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Joseph Chess v. United States of America

December 1, 2011

JOSEPH CHESS, PLAINTIFF,
v.
UNITED STATES OF AMERICA,
DEFENDANT.



The opinion of the court was delivered by: Elaine E. Bucklo United States District Judge

MEMORANDUM OPINION AND ORDER

On February 6, 2007, Joseph Chess, then an inmate at the Metropolitan Correctional Center Chicago ("MCC"), suffered second-degree burns when another inmate, Jerome Adams, threw a cup of scalding water onto Chess's face and then physically assaulted him by hitting him with the cup and punching him. In September of 2007 Chess brought this action to recover for the injuries he sustained as a result of the attack. Plaintiff asserts a claim for relief against the United States ("defendant" or "Government") pursuant to the Federal Tort Claims Act, 28 U.S.C. §§ 1346(b), 2671 et seq. ("FTCA"). Chess's second amended complaint asserts that the United States failed to properly screen Adams upon intake and also failed to monitor him afterward, both on and before February 6, 2007. Chess and the United States have brought cross-motions for summary judgment. For the reasons stated below, plaintiff's motion for summary judgment is denied, and defendant's cross-motion for summary judgment is granted in part and denied in part.

I.

Joseph Chess entered the MCC in September of 2006. Chess was housed in general population unit 13 ("Unit 13"). Jerome Adams had entered the MCC as a pre-trial inmate in January 2006. He was supposed to stand trial for bank robbery the next month but was found incompetent. Adams was tranferred to the Federal Medical Center in Butner, North Carolina ("FMC Butner") for treatment and restoration of competency. During his treatment at FMC Butner, Adams was diagnosed with Schizoaffective Disorder, Bi-Poler Type. On September 13, 2006, Adams returned to the MCC after BOP medical staff at FMC Butner determined that he was stable, receiving medication, and competent to stand trial. When Adams returned to the MCC, he was housed in Unit 13.

On September 28, 2006, Adams requested protective custody because he felt threatened by other detainees. Adams was placed in administrative detention in the special housing unit ("SHU"). BOP staff later determined that Adams did not want to be in the general population unit because he did not like being around gang members, though no specific threat had been made against him. On November 3, 2006, Dr. John Pindelski, chief psychologist at MCC, met with Adams to discuss the need for Adams to return to the general population.*fn1 Adams reiterated his concern about gang members and stated that he would refuse placement in the general population. During the meeting, Adams was insolent toward Dr. Pindelski and refused to comply when Dr. Pindelski instructed him to remain in his chair. As a result, Adams was issued an incident report for his conduct. Adams was subsequently issued another incident report for failing to comply with an order to return to the general population on November 20, 2006.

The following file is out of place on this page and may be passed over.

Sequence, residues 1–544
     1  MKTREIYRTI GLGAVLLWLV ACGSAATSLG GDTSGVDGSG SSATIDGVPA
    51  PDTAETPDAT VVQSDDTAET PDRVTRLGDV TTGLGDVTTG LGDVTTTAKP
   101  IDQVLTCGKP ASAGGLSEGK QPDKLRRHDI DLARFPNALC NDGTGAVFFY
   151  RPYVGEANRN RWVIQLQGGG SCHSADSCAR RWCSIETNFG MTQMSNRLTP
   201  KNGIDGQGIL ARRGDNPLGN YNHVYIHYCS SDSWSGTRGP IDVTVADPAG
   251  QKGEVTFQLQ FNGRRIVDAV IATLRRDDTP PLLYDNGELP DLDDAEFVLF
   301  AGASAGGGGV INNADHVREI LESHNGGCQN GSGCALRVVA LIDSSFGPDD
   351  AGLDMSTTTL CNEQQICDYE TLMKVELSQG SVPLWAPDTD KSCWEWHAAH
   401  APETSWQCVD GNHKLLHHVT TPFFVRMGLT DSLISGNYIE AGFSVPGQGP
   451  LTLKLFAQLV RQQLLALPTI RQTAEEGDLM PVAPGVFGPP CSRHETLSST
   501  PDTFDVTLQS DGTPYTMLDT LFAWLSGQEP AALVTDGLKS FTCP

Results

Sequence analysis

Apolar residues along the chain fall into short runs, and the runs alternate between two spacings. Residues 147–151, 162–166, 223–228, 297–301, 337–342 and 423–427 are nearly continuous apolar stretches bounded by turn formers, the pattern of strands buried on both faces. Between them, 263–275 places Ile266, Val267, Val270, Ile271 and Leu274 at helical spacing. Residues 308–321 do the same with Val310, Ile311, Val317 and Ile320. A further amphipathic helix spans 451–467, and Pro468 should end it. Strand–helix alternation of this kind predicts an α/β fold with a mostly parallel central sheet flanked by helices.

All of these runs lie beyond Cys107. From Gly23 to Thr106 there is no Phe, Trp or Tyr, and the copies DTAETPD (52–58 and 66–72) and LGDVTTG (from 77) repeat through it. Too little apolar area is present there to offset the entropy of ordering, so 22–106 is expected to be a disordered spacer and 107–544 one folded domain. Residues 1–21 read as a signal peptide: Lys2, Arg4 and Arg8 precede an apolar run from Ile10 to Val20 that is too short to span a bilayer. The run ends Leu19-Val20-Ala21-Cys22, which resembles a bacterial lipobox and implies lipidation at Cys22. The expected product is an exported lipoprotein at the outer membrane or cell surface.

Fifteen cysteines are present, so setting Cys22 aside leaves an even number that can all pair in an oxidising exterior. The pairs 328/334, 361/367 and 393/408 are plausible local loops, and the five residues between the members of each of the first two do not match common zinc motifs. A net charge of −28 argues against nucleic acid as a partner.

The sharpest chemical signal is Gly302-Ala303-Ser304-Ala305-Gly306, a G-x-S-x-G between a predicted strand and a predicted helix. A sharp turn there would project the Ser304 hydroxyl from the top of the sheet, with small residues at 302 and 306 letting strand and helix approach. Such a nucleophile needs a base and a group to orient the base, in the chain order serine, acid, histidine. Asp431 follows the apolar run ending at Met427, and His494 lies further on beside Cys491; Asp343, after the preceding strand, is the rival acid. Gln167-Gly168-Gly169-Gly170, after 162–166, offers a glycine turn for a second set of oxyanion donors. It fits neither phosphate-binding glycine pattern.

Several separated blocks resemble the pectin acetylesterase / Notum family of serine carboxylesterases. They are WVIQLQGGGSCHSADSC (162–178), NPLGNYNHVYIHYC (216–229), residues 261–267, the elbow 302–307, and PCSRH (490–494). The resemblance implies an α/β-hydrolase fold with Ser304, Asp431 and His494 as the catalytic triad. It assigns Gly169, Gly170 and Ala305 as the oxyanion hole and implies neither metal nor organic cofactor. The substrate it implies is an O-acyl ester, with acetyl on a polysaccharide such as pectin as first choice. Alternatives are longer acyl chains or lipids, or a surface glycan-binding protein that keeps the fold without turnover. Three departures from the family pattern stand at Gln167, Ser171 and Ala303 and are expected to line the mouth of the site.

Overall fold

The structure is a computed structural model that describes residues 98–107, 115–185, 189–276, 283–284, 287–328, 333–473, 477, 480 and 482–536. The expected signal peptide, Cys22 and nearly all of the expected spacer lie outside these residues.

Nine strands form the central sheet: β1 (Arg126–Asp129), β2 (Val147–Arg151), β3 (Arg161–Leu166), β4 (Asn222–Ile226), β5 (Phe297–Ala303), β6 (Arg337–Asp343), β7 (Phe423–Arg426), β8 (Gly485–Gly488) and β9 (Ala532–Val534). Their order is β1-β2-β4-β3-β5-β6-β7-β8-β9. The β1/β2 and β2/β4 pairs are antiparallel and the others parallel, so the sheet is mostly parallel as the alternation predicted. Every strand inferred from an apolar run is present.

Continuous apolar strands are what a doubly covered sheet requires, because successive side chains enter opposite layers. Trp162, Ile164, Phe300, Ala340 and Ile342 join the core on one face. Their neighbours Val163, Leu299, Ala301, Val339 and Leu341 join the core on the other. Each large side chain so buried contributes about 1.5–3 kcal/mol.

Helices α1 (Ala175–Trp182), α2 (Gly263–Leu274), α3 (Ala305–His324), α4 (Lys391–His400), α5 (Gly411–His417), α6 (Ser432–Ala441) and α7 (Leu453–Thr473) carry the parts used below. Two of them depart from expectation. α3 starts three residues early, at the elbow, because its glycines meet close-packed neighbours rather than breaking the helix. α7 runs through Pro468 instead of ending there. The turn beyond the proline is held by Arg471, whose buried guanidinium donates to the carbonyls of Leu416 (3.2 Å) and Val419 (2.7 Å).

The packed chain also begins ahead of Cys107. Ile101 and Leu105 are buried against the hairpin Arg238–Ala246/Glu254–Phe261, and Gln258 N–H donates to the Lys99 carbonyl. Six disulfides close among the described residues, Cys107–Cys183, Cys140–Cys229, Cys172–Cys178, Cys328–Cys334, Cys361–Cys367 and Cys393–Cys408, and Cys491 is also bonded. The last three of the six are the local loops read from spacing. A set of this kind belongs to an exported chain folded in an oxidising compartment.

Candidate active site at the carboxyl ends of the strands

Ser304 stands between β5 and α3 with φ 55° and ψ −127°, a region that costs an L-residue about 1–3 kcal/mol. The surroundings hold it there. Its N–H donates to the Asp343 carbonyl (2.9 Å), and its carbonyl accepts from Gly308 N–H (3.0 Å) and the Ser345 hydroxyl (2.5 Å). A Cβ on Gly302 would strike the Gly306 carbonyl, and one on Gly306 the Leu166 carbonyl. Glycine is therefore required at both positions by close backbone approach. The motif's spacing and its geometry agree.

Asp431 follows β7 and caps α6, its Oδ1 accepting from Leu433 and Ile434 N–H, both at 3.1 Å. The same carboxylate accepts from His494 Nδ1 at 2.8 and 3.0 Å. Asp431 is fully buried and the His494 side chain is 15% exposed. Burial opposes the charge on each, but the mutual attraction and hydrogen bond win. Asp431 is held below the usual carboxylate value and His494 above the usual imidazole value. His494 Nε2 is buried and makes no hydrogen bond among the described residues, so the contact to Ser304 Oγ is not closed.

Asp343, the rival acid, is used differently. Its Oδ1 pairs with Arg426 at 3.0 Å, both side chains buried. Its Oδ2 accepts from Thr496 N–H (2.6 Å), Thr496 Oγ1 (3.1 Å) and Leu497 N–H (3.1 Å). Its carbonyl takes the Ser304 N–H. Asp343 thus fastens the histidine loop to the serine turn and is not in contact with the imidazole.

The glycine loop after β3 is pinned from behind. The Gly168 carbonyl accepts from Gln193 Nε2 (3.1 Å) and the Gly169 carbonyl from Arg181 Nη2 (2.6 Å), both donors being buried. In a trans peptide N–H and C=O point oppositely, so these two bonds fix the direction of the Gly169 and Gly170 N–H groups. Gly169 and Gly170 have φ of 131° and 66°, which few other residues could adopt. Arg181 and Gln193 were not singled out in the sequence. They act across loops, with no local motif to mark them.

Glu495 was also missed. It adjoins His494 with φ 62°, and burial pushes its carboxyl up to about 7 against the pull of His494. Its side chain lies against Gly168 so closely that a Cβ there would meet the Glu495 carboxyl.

Adams did return to the general population on December 4, 2006, and remained there until December 22, 2006. On December 23, 2006, BOP psychologist Dr. Dan Greenstein entered a progress note on Adams, stating that he had been placed in the SHU the prior evening. The progress note stated that the operations lieutenant who moved Adams to the SHU reported that Adams "appeared on the verge of striking out [at] him" and that the reason for the SHU placement was "protection of inmate and of staff." Dr. Greenstein also noted that during the interview on December 23, Adams "stared intensely at [him] in a menacing manner" and "failed to reply about whether he has been medication compliant." The December 23 review was the last documented review until February 16, 2007, after the attack on Chess. On December 28, 2006, Adams was returned to Unit 13.

At around 9:30 p.m. on February 6, 2007, Officer DePaul, the correctional officer assigned to Unit 13, began his lockup routine. This included DePaul telling the inmates to get their water and ice and instructing them to get ready for the lock-down. DePaul also collected his personal items and packed them away in his duffle bag. The call for the inmates to prepare for lock-down prompted Chess to go downstairs to collect the rags that he previously used to clean the dayroom. While Chess was descending the stairs, Adams threw a cup of scalding hot water in Chess's face, slammed the cup in Chess's face, and proceeded to punch Chess in the face repeatedly. After the attack was quelled, Chess was taken to Northwestern Hospital, where he was treated for second-degree burns to his face, neck, ear, and eye.